Brain aneurysms can be very dangerous. Essentially, they are areas of arteries within the brain which for some reason or another are dilated. With the dilation, the wall of artery is not as strong and more prone to rupture.
The larger the artery of course, the more blood which will be spilled with a rupture. The brain tissue does not do well with hemorrhage and major disability to the point of a vegetative state can happen from a ruptured aneurysm.
What often occurs, is that aneurysms over time will become larger and the larger the aneurysm, the greater likelihood of rupture. What is not clear is just how often small aneurysms rupture.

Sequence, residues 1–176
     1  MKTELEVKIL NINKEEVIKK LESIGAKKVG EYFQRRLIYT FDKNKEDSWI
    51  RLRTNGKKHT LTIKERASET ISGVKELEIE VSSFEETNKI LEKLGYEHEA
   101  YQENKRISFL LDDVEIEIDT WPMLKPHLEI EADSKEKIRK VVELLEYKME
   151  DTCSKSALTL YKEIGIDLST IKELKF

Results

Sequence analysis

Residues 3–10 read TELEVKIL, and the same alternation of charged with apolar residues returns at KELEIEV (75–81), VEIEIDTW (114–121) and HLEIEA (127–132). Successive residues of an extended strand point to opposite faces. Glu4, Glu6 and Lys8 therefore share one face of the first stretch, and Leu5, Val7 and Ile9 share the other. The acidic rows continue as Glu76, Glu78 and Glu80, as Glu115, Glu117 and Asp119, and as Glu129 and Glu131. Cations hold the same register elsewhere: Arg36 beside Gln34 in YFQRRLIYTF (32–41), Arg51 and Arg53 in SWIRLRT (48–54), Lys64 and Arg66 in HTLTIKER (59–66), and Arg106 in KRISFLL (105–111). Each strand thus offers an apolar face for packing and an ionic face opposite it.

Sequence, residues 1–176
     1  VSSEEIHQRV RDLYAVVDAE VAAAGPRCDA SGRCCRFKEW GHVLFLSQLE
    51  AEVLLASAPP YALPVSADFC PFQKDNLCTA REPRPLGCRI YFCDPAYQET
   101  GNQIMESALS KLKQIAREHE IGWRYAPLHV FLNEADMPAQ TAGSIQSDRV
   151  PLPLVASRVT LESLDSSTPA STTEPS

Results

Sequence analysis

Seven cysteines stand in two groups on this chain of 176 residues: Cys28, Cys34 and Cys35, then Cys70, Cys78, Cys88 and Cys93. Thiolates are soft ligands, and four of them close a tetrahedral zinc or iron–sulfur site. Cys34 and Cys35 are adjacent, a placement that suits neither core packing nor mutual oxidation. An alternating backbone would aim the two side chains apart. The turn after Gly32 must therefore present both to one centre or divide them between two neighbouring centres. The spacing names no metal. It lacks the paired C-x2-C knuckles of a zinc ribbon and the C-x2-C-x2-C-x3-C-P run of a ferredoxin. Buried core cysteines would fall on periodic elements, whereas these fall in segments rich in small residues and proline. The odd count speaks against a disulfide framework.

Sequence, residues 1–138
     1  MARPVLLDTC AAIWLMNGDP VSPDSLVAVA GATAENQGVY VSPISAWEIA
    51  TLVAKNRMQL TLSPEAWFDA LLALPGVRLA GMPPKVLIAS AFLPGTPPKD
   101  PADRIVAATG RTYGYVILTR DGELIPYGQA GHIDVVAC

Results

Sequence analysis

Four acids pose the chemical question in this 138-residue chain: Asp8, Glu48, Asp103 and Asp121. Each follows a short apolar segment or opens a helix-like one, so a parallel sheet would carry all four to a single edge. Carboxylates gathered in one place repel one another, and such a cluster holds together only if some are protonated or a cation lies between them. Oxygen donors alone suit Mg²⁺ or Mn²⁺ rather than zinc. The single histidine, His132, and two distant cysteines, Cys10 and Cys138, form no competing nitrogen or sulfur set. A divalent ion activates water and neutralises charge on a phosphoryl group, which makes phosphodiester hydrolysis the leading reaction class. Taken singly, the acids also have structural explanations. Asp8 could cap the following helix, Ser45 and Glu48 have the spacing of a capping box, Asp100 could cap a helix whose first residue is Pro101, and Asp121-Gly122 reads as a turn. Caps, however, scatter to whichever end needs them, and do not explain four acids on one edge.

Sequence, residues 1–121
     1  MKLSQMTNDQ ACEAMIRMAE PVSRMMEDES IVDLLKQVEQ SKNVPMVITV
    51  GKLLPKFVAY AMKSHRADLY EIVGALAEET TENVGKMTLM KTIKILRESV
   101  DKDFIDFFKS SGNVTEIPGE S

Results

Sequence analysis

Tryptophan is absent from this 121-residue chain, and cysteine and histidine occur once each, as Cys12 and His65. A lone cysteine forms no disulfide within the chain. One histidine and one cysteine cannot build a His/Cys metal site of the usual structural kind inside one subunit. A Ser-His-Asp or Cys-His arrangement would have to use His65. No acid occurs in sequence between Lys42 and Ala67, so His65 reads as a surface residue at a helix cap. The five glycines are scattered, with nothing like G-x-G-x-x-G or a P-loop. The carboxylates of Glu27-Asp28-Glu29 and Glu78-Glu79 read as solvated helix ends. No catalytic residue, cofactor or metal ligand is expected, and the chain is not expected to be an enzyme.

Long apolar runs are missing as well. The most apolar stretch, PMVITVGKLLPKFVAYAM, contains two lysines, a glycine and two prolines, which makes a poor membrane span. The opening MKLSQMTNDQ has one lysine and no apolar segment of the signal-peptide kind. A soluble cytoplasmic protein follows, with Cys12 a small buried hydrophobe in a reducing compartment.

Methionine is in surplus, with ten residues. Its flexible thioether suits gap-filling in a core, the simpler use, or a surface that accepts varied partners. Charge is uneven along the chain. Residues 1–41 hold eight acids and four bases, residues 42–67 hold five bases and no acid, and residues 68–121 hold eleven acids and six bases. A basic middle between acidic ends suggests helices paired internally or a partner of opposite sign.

A recent literature review found that for very small aneurysms of 3 mm or less the rate of rupture over one year was essentially 0%. This rate increased to less than 1% for aneurysms of 5 to 7 mm.
The usual treatment for aneurysm likely to rupture is either surgery or inserting a coil within the involved artery. However, if the rupture rate is reasonably low enough, regular follow up studies every 6 to 12 months to document any size increase has been recommended.
The major problem with this approach is that no one really knows for small aneurysms, the exact relationship between the size of the aneurysm and the chance that it will rupture.
Bottom line, is if you have a known aneurysm in your brain, make sure that you are being monitored by a specialist who is an expert at deciding when and if you need surgery or other procedure to treat the aneurysm.